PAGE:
ABU DHABI // Martin Kaymer went from interested bystander, to unwitting co-conspirator, to apologist, all in a span of about three hours.
All because his playing partner Tiger Woods hit a wayward shot into a sandy area yesterday at the Abu Dhabi HSBC Championship that resulted in an unwitting penalty that sent the tournament's two top drawing cards home for the weekend.
It was skidmarks in stereo.
In their first starts of 2013, the world No 1 Rory McIlroy shot a second consecutive 75 and missed the cut by four strokes, an outcome that was never in doubt. However, Woods got his weekend legs cut out from under him after the round, when he learned that he was being assessed a two-stroke penalty for a rules gaffe committed on the fifth hole.
Instead of making the cut by a stroke after mounting one of his characteristic back-nine rallies, Woods missed by a stroke at three over.
"It's a shame for everyone," said Kaymer, who played with Woods and McIlroy. "The people here, the tournament, the European Tour. Especially after the way he fought back."
Woods had five birdies in a nine-hole stretch to get back inside the projected cut line, though he was contacted by referee Andy McFee on the 11th hole and told they needed to talk after the round about the possible violation.
Woods shoved his tee shot on the fifth into a sandy area with loose vines and desert vegetation, and the ball came to rest in an indentation. Believing he was entitled to imbedded-ball free drop, Woods called Kaymer over to confirm the notion. There was no question the ball was imbedded.
He just wasn't entitled to free relief. Alistair Tait, a writer with the American magazine Golfweek, said he asked rules official Miguel Vidaor if the drop was permissible.
"I was just raising the question," Tait said.
Initially, no violation was believed to have occurred. However, the chief referee Andy McFee later ruled otherwise and informed Woods during a discussion moments after the round.
"You don't get relief if it's imbedded in the sand," McFee said. "I knew exactly where he was in terms of the tournament. He thought he was doing the right thing at the time."
Woods, through somewhat gritted teeth, took the penalty with remarkable poise.
"Andy says the ball wasn't imbedded because it was a sandy lie," said Woods, who bogeyed four of the first five holes. "It's tough because I didn't get off to a good start, and I got it back."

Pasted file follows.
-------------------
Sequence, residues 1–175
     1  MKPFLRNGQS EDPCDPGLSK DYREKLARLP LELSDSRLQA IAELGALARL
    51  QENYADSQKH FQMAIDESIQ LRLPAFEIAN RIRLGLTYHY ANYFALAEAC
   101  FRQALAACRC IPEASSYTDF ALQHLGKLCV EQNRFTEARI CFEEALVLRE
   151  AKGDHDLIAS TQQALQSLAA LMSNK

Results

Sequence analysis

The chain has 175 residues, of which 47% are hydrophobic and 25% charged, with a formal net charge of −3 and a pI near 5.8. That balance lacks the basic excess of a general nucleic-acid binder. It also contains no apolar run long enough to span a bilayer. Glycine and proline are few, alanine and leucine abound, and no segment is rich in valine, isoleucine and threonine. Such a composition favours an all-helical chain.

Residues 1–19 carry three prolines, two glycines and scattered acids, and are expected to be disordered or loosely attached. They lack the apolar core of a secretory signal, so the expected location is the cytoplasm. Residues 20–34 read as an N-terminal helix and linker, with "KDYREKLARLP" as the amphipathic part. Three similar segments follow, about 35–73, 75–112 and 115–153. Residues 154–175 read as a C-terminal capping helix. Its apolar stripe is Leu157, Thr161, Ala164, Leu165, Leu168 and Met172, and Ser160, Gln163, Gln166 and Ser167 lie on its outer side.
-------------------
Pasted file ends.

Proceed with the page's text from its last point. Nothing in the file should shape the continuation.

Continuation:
McIlroy, conversely, didn't. He was three over after seven holes and now faces a four-week stretch before his next start. Hardly the debut people were expecting Monday when he signed a reported nine-figure endorsement deal with Nike.
For all of Woods's record-shattering achievements in the States, the former world No 1 also has a terrific track record of success on this side of the Atlantic. Entering this week, Woods had never missed the cut in 21 regular European Tour events over his career, a figure that does not include the co-sanctioned majors or World Golf Championships events.
There's a first time for everything. A worst time, too. It has been confirmed that Woods received a US$3 million (Dh11m) appearance fee, and his absence is likely to hurt the turnout over the final 36 holes. After a day of huge crowds and perfect weather Friday, tournament officials tried to put the best possible face on the final two days without the game's top duo.
"I'm sure Tiger and Rory are disappointed to exit and would've wanted to be chasing the Falcon Trophy going down the final stretch on Sunday," said Faisal Al Sheikh of the Abu Dhabi Tourism and Culture Authority, which stages the event. "There are no certainties in sport, golf included."
One certainty, after the second round, is that Woods and McIlroy are done.
"I fought hard," Woods said. "I battled back and got it to where I thought I could play the weekend, and thought I might have a chance [to win], just post two low rounds.
"But I won't be able to do that."
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